The Moonstone has to be one of my all-time favourite books. I originally read it as part of a read-a-long hosted by Lit Nerd in 2013 (!) and I subsequently read The Woman in White, which I liked but possibly not quite as much. As I’m now participating in a read-a-long of a biography of Wilkie Collins (see my first check-in post) and, as I’m feeling a bit sorry for myself anyway, I thought that re-reading The Moonstone alongside might be just the thing to cheer me up.
Plot summary: When Rachel Verinder
receives a gift of an astonishing yellow diamond from her bitter old
uncle for her eighteenth birthday, she has no idea that the stone brings
great danger with it. When the diamond goes missing during the night
the ensuing investigations gradually bring to light the sinister history
of the jewel and the passions and plots of those close to Rachel.
Whilst that is an accurate summary, it’s almost irrelevant. The fascination with The Moonstone isn’t the plot or the mystery; it’s how wonderfully it was written.
The basic premise is that the mystery of the diamond has now been concluded, but one of the principal characters is now trying to put together a file on what happened and has asked several other characters to relate their understanding in a sensible, logical manner. We’re left with a chronological narrative, from the (extremely biased) perspectives of several changing points of view.
Some parts of this novel are downright hilarious. My favourite characters are Mr Betteredge, a gently sexist butler with absolute loyalty to his Lady, and Miss Clack, an extremely devout and irritating younger relative. It makes me happy that I bookmarked the same quotes this time as I did during my first reading.
From Mr Betteredge:
It is a maxim of mine
that men (being superior creatures) are bound to improve women – if they
can. When a woman wants me to do anything (my daughter, or not, it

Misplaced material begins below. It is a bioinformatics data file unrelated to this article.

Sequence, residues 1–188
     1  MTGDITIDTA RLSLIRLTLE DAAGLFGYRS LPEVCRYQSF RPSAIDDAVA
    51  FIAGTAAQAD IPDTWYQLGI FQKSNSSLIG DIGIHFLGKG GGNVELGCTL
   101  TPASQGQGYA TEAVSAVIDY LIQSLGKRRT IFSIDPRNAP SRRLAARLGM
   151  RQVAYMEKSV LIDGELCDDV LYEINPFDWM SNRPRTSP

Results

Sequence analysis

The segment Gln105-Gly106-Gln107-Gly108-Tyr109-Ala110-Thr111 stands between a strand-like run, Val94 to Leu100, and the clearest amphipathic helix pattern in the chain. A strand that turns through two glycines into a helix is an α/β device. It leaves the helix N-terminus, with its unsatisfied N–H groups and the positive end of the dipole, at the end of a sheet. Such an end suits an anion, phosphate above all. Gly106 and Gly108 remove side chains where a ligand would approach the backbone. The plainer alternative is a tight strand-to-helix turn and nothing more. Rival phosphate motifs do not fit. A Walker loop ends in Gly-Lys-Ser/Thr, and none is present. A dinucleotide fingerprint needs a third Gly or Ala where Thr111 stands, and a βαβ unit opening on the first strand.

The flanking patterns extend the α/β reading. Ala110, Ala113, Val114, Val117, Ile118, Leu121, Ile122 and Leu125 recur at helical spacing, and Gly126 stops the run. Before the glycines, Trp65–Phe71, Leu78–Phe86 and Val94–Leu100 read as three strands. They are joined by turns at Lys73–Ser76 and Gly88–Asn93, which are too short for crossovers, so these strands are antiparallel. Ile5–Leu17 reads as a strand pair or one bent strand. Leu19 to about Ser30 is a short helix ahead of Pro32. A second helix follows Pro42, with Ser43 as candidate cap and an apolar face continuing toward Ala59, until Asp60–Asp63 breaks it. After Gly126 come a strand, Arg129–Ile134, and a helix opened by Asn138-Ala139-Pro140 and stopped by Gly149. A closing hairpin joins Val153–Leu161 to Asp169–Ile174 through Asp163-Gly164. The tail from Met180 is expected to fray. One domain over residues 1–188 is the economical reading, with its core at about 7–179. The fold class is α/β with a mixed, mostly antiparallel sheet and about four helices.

doesn’t matter), I always insist on knowing why. The oftener you make
them rummage their own minds for a reason, the more manageable you will
find them in all relations of life. It isn’t their fault (poor
wretches!) that they act first, and think afterwards; it’s the fault of
the fools who humour them.
From Miss Clack:
Here was a golden opportunity! I seized it on the spot. In other words, I instantly opened my bag, and took out the top publication. It proved to be an early edition – only the twenty-fifth – of the famous anonymous work (believed to be my precious Miss Bellows), entitled The Serpent at Home. The design of the book – with which the wordly reader may not be acquainted – is to show how the Evil One lies in wait for us in all the most apparantly innocent actions of our daily lives. The chapters best adapted to female perusal are ‘Satan in the Hair Brush’; ‘Satan behind the Looking Glass’; ‘Satan under the Tea Table’; ‘Satan out of the Window’ – and many others.
I love how the characters all now know who stole the diamond as they’re writing their narratives but have been forbidding from setting it out. It results in them sort of bickering amongst themselves as they criticise decisions that have already been made and indignantly rant about accusations levied at the time. It’s so petty and clever and perfectly done. I love (and sympathise with) Miss Clack’s petty hatred of Rachel Verinder especially.
It’s funny and an absolute joy to read. Reading Wilkie Collins’ biography alongside this book has provided a slight insight into certain matters. Druscilla Clack, for example, highlights Mr Collins’ distaste for the religion into which his parents tried to force him and the strong female characters throughout the novel confirm (as the biography alleges) that he was quite sympathetic towards women in general. Unlike Mr Betteredge, clearly.
The Moonstone isn’t all fun and games, however. It’s quite dark in parts – a cursed diamond is stolen, sinister ‘Hindoo’ men are lurking about, massive debts are entered and hearts are broken. It’s lauded as being one of the first modern detective novels (it preceded Sherlock Holmes by 19 years) and I can absolutely see why. There’s an all-seeing detective who is never taken seriously, a locked room mystery and witness accounts almost always hold something back. For all that, though, it has dated really well and I still couldn’t figure out whodunnit until the very end.
Speaking of timelessness, the thing that impressed me the most about this book was the ending. For a novel about a precious jewel that was stolen from an Indian tribe, the ending is very respectful towards different cultures. It was something that I expected to jar with me throughout my reading, but it was a very pleasant surprise. Very ahead of its time.
I can’t explain how much I adore this book and it has to be on my Top Ten Favourite books ever. The characters are delightful (even if you wouldn’t exactly want to have dinner with them), the mystery is riveting and the writing is hilarious. Please, please read The Moonstone and then immediately come back here and talk to me about it.